Caroline Cherrier’s short “Horacio” has earned nominations at Clermont-Ferrand, Palm Springs and Annecy over the past year. Now, “Horacio” rounds out its festival run at the Unifrance Rendez-Vous’ upcoming 12th MyFrenchFilmFestival. It is Cherrier’s first pro work after several shorts made as a student at leading European animation school Gobelins.
“Horacio” delivers a portrait of a young, naïve and accidental killer whose name – Guillaume – doesn’t even appear in the film. Told in first person, the real story interestingly swings between what the viewer hears and sees – which do not always match.
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Cherrier is already developing her first feature project and is currently involved in the direction of several episodes of a sci-fi series, produced by U.S.-based Titmouse (“Big Mouth,” “The Legend of Vox Machina”) for HBO.
Credit: Ikki Films
“Horacio” is your first short. What were your intensions as a director while making this film?
My main purpose was pretty simple. You see these very absurd news stories in local papers like: “He killed his neighbor because he was screaming too loud.” I was thinking about that, and I decided to make a film not about how they get to that point, but about what happened in the aftermath. That is, once this absurd and dramatic point has been exploited, I was interested in the trial, the people trying to find explanations, victims and survivors of absurdity. And in the film, while I am showing scenes of this weird aftershock, some clues about how these people got there are suggested.
I think one of the main virtues of the short is a singular emotional tone between the black comedy and the quiet tragedy around the main character. What added value do you think the animation medium adds for this peculiar, adult content?
Animation gives a kind of “fairytale dimension” to the story, it takes it further from reality. The film was not supposed to be a social chronicle, with a documentary approach, but rather an experience of the murderer’s vision. This vision is a naïve simplification of reality, and it helps to focus less on the graphic aspect (dead body, blood), and more on the situation. Animation helps to confer a childish glance to this story.
How would you describe the visual approach and genre of “Horacio”?
The film is a tragicomic drama. Visually, the references are the eighties animated shows I watched when I was a child with thick lines around flat colors for the characters, painting for the backgrounds. I like this old school visual style, without too many post production computer effects, where you could appreciate how the film was made.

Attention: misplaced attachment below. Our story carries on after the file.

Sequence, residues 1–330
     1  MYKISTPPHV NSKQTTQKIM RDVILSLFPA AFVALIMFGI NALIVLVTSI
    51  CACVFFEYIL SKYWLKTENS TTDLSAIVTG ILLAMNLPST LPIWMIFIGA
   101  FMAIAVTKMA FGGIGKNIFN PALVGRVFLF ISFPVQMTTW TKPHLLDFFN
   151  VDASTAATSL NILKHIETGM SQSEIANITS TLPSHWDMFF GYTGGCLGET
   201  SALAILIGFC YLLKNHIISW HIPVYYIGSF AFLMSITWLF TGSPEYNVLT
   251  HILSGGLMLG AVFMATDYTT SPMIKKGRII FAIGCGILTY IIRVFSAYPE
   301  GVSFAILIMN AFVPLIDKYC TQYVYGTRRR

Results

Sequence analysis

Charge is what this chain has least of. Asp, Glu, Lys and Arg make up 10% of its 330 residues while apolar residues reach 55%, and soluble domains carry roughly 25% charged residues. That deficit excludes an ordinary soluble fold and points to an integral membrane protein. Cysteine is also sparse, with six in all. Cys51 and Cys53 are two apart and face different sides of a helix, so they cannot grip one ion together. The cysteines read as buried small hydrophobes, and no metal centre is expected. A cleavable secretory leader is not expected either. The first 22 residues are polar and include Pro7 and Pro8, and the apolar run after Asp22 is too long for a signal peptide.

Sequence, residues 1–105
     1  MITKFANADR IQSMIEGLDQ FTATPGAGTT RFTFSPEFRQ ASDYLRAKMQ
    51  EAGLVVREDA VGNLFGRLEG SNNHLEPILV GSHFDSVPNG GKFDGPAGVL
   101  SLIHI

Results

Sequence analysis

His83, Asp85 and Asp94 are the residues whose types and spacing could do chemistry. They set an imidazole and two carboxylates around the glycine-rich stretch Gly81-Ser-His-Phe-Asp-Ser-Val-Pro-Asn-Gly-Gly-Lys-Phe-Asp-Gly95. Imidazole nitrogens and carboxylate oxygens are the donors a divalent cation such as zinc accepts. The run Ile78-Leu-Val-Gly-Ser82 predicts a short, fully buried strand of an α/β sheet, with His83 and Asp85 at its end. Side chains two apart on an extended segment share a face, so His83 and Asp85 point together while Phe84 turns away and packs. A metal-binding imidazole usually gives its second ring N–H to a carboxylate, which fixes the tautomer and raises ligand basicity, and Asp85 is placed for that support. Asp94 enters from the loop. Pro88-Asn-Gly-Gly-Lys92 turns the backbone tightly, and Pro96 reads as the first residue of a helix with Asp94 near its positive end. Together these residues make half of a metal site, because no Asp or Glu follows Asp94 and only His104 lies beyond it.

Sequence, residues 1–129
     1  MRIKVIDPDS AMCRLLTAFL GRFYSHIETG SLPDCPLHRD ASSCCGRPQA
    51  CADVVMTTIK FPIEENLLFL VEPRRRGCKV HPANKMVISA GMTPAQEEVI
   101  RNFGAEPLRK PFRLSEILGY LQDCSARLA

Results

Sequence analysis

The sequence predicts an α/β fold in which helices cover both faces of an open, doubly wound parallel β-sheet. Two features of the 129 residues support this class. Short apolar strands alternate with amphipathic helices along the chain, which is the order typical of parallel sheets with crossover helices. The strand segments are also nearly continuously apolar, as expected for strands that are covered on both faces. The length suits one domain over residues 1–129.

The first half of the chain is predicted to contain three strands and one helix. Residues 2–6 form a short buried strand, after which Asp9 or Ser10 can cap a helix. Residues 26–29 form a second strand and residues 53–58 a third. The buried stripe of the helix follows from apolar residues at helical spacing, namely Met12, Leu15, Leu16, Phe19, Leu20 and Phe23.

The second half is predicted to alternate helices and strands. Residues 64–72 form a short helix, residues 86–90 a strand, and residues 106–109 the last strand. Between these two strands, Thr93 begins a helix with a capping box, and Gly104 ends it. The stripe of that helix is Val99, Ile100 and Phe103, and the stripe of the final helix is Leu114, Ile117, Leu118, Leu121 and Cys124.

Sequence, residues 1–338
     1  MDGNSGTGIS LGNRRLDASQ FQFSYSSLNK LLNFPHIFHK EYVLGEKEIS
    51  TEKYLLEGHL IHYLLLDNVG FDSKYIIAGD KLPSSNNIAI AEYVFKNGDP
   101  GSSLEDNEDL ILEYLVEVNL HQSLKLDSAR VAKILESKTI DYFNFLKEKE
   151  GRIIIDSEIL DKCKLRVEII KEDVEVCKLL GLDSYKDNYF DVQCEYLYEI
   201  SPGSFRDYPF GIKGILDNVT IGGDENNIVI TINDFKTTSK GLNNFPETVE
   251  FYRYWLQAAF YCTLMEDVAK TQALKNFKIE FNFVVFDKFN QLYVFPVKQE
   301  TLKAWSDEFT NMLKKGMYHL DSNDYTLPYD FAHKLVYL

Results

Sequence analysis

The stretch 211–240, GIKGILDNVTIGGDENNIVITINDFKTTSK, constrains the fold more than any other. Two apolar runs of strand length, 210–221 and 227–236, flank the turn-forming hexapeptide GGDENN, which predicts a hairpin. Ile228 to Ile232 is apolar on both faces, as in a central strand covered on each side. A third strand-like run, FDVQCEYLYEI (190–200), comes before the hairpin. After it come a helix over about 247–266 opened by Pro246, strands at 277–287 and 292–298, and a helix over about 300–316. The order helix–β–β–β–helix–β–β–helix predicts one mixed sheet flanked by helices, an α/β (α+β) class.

“Horacio” is the title, but the main character’s name doesn’t even appear in the film…
The film turns on a murder, but nobody seems to care about the victim. In the narrator’s naïve point of view “the victim was there, and later he was not there anymore.” And that’s all. Horacio remains to be just a name, a moment. The title idea was to remember that everything is about Horacio anyway, it is his story.
You’ve chosen to tell this tale from a first person point of view. Was there ever any fear of losing something in telling this story with words rather than images?
In “Horacio,” words and images do not say the same things. The words of the narrator provide his thoughts, the images give what he is going through. This gap was what interested me in the first place – to hear how he feels, and compare it with the situation.
Finally, what’s next?
I am working on a feature project for family audiences right now. It’s a tale with a weird female sea monster, very, very old and the last of its species, who falls in love with a lighthouse. Its main character though is a nine-year-old kid in the lighthouse. It’s mostly about nature: how it can be creepy, beautiful and precious, dangerous and big, and how you can fall in love with that, and how to deal with it can be a great adventure. It’s produced by Tant Mieux Production and its working title is “The Last of the Pebbles.”
Credit: Caroline Cherrier
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